IOC president Thomas Bach has welcomed Russia's pledge to punish drug cheats.

Russia "determined" to clean up athletics and punish drug cheats

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Russian athletics will undergo a major shake-up in a bid to ensure the country's ban from international events is lifted in time for next year's Olympic Games in Rio, it was announced on Saturday.

The Russian Olympic Committee (ROC) has agreed to oversee changes and said it was "determined" clean athletes will compete in Rio and any drug cheats will be "punished".

Russia was provisionally suspended from all international athletics competitions by the world governing body IAAF on Friday when its council members voted 22-1 in favour of the sanction after the World Anti-Doping Agency's (WADA) independent commission's findings of state-sponsored, systemic doping practices.

The ROC said on Saturday it will comply with all measures imposed by the International Olympic Committee (IOC).

Following a meeting with ROC president Alexander Zhukov, IOC president Thomas Bach said the door was still open for clean Russian athletes to compete at the Games.

"I welcome the fact that the ROC expressed its firm commitment to protect the clean athletes, and to sanction all the doped athletes and officials," said Bach.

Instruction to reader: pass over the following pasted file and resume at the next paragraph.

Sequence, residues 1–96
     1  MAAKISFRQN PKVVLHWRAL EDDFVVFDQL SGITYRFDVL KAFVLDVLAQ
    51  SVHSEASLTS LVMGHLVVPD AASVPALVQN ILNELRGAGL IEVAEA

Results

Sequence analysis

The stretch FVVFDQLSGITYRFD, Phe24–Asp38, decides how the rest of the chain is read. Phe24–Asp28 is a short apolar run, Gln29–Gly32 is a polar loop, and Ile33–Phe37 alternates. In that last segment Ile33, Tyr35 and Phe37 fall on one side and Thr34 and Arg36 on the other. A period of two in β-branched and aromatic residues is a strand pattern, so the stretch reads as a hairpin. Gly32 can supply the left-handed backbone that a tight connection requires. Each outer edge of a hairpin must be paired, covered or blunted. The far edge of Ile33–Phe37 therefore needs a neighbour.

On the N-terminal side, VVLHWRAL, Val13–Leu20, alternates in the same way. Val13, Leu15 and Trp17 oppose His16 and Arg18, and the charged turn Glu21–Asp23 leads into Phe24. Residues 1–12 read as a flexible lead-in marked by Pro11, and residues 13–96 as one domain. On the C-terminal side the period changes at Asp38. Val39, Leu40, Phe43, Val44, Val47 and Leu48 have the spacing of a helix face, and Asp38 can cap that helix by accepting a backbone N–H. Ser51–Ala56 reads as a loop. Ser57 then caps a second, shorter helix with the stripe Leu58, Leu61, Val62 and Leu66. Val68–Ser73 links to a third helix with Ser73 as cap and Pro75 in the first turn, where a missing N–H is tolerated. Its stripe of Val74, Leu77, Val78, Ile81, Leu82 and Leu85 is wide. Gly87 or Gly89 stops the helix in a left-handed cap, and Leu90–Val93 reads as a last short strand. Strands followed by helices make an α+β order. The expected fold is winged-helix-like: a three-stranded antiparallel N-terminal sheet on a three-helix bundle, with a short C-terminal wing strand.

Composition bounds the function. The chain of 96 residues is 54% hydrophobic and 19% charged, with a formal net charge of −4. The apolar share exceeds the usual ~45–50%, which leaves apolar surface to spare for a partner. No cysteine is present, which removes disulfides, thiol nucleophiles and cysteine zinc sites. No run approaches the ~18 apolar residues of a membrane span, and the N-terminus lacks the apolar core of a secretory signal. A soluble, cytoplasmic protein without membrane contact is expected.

"I appreciated very much the openness of the discussion and welcomed the fact that the Russian Olympic Committee will play the leading role.

"We are confident that the initiatives being proposed by the ROC, with the responsible international organisations, WADA and the IAAF, will ensure compliance as soon as possible in order to provide participation of the clean Russian athletes at the Olympic Games."

Zhukov added: "The Russian Olympic Committee is determined that the clean athletes should compete in the Olympic Games in Rio de Janeiro. Anyone found guilty of using illegal drugs or anyone who facilitated or was complicit in their use must be punished."

The ROC has agreed to make the Russian Anti-Doping Agency (RUSADA), the anti-doping laboratory in Moscow, and the National Athletics Federation (ARAF) "compliant with the WADA code and all other international anti-doping regulations as soon as possible".

Zhukov told Bach an "ongoing thorough investigation by the national authorities in Russia" will fully co-operate with WADA and the IAAF, and the ROC "will initiate the renewal and reform of the ARAF".

The ROC has also agreed that all athletes, officials and coaches found guilty of doping will be punished in accordance with international anti-doping regulations.

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